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Effects of Petiveria alliacea (guinea hen weed) leaf extract on methane production and rumen fermentation in vitro

K O Adebayo, F T Olagoke, R M Akinbode and R Y Aderinboye

Department of Animal Nutrition, College of Animal Science and Livestock Production, Federal University of Agriculture, Abeokuta Nigeria


In vitro gas production study was carried out for 48 h to determine the effect of Petiveria alliacea leaf extract on methane production and rumen fermentation. P. alliacea leaf extract of varying concentrations (0, 2, 4, and 6%) was added to a substrate separately to make five treatments in a completely randomized design. Secondary metabolites in the varying concentrations were determined. At the end of the 48 h incubation period methane was estimated and dry matter digestibility was determined. P. alliacea leaf extract is high in saponin, and flavonoid. Other secondary compounds present include tannin, phenol, oxalate, phytate, trypsin inhibitor and cyanogenic glycoside. The extract reduced (P<0.05) total gas and methane gas production. The lowest percentage of methane in total gas was obtained at 4 and 6% concentration of the extract. Highest methane depression (12.3%) was obtained in the substrate incubated with 4% concentration of P. alliacea leaf extract. Dry matter digestibility decreased (P<0.05) as the concentration ofP. alliacea leaf extract in the substrate increased. P. alliacea leaf extract can be used to manipulate rumen fermentation to reduce methane production without deleterious effect on feed degradability at 4% (4 g/100ml) concentration.

Key words: digestibility, gas production, incubation, secondary metabolites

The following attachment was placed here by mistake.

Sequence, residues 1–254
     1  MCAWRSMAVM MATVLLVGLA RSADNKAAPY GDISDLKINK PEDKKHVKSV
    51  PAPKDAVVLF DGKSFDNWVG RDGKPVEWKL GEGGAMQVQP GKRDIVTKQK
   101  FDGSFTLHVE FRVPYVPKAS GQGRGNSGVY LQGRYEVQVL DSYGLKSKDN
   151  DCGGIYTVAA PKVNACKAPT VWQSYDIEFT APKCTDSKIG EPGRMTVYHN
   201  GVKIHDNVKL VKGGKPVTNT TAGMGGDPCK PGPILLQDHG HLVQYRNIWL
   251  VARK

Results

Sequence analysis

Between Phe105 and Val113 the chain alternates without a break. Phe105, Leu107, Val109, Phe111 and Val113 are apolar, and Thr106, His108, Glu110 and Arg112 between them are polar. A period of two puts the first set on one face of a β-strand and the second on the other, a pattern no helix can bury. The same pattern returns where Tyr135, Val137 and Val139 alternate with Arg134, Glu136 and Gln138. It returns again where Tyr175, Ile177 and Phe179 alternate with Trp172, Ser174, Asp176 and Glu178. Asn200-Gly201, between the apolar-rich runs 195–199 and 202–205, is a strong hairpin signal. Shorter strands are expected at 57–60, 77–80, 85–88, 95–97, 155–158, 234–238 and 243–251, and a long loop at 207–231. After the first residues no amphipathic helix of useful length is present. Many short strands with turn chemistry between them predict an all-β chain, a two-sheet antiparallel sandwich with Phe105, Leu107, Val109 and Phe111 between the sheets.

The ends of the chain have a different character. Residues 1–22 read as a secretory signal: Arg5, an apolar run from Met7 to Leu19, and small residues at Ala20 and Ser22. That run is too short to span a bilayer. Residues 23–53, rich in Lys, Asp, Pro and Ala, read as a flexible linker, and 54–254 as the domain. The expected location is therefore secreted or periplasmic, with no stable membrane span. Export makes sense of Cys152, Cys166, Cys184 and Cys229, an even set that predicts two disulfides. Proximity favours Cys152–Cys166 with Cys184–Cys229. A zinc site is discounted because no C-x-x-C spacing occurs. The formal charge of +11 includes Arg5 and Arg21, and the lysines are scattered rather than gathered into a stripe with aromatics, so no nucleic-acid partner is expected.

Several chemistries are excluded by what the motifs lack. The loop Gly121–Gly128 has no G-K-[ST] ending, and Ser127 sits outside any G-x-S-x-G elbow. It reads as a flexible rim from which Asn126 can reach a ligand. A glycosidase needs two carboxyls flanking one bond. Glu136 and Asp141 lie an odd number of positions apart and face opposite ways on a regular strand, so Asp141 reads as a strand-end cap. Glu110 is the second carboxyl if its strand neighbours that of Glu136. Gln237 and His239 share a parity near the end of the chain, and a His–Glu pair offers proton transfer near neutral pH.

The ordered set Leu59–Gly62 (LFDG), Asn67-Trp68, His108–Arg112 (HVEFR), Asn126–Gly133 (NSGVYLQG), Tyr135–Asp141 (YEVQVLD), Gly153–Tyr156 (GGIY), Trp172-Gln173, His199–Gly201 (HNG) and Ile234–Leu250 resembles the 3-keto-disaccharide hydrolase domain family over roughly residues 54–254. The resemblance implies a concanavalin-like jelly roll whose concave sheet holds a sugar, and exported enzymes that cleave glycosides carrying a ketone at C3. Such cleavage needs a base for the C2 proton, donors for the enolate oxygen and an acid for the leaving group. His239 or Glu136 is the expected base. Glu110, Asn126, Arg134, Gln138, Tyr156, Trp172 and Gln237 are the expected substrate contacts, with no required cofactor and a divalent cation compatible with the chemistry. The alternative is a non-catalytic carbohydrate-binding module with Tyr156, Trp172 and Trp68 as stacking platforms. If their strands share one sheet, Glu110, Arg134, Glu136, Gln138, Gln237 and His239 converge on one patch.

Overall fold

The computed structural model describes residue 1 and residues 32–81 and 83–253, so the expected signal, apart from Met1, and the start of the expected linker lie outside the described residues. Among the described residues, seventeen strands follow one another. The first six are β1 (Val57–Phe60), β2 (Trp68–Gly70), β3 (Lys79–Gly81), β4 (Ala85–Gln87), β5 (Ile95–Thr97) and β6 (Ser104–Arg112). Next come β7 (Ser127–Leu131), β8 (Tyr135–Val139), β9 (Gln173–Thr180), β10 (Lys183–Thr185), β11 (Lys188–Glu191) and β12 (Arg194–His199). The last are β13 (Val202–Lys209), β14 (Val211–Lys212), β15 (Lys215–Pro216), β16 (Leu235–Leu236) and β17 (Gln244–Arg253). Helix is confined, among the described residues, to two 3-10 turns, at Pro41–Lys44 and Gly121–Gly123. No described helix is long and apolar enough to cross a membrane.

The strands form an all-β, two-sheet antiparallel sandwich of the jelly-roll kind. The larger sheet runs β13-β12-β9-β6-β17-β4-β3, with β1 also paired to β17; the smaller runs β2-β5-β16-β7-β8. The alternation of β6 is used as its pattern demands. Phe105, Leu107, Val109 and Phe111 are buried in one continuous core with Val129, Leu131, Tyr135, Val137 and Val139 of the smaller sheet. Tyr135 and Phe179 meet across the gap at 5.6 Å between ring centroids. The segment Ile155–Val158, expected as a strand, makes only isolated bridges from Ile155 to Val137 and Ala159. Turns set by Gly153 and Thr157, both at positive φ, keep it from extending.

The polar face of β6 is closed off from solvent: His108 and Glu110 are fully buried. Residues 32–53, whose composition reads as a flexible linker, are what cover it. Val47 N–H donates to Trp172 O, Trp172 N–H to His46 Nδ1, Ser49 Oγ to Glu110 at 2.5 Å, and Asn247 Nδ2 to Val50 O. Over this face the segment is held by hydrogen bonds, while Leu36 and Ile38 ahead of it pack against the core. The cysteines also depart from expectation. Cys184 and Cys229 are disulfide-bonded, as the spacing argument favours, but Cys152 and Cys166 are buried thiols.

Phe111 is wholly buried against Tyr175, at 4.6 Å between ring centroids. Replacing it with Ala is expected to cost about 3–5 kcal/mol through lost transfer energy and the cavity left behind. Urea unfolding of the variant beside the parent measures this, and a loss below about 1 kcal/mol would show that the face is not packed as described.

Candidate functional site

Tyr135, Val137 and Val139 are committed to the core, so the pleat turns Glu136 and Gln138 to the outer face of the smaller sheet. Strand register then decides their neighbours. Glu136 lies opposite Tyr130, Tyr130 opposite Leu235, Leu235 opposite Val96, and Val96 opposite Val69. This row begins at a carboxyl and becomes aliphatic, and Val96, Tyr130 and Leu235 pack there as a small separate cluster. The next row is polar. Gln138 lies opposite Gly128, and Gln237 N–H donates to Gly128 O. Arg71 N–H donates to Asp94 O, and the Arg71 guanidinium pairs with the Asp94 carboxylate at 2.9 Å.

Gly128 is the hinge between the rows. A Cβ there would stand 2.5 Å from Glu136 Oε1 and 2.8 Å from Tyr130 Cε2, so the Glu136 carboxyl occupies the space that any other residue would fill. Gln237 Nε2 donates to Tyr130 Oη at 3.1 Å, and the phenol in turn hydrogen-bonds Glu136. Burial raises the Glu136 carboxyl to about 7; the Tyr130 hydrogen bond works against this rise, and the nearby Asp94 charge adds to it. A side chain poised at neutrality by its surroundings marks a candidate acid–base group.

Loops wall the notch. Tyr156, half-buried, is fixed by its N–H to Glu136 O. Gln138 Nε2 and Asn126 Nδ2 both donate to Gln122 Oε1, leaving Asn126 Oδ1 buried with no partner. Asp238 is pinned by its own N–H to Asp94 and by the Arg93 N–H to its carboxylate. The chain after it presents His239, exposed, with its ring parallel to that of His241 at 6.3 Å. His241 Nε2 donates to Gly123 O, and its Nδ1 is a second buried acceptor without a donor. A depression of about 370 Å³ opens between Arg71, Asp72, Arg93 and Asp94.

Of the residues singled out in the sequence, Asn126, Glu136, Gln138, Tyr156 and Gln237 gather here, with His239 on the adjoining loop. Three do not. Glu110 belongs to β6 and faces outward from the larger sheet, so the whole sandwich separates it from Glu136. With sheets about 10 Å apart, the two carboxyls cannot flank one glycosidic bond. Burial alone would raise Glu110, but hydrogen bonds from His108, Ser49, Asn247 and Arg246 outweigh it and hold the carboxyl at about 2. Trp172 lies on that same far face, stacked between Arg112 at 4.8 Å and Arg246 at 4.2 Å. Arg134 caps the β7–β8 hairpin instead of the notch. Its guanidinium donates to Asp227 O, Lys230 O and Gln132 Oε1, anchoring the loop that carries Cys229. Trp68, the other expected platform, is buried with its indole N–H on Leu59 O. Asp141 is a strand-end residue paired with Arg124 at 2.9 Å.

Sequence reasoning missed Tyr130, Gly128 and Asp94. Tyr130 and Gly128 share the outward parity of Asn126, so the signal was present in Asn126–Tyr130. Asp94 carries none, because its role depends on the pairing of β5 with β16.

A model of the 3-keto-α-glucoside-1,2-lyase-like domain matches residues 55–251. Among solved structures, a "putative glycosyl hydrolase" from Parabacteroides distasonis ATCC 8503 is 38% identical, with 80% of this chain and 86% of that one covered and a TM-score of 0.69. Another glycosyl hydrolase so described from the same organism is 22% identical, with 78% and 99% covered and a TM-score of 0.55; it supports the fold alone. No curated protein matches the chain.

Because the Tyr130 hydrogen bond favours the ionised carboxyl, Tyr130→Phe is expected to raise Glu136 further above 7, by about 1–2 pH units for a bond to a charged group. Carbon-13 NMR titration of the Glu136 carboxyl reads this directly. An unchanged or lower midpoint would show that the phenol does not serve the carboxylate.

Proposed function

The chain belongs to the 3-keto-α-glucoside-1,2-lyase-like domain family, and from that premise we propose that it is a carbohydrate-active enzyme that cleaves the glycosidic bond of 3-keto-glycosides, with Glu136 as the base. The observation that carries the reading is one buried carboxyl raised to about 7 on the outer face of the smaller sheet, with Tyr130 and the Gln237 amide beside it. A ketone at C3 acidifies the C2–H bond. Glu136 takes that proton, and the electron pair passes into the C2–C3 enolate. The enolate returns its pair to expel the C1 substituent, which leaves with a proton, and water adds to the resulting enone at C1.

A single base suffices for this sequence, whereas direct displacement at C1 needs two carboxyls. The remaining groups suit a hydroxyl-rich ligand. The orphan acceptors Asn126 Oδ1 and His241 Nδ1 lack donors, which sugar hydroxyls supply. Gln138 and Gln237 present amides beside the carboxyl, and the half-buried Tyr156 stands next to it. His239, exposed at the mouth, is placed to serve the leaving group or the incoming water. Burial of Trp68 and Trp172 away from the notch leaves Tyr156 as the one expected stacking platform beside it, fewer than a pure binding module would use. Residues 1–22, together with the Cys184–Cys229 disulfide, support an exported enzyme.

Enteric methane production by ruminants during feed fermentation in the gut contributes to increasing problem of global warming in many countries of the world due to accumulation of greenhouse gases (Bamikole et al 2019). As the world human population is increasing so also is agricultural production to meet nutrient requirement and invariably increased methane production from ruminant livestock. Methanogenesis in the rumen also represents about 12% energy loss from gross energy intake by ruminants (Kim et al 2012). Hence, the production of methane poses a great challenge to both livestock and the environment. For this reason numerous efforts are geared towards reducing methane emission from livestock (Medjekal et al 2016). Among these are a number of nutritive strategies designed to mitigate enteric methane formation by focusing on the potential addition of distinct plants or extracts rich in secondary compounds to animal feeds (Rira et al 2015). Recent studies (Bamikole et al 2019; Adebayo et al 2019; Aderinboye et al 2020) have shown that many medicinal herbs and spices rich in secondary compounds could be used to manipulate rumen fermentation favourably. Bhatta et al (2012) reported that some of the plant secondary metabolites such as tannin, glycosides, polyphenol, trypsin which act as rumen modifiers, due to the fact that they occur naturally and are thus environmentally friendly are more widely accepted when it comes to food safety. They are therefore a better alternative to antibiotics which usage has been restricted and/or out rightly banned in some countries due to safety concerns.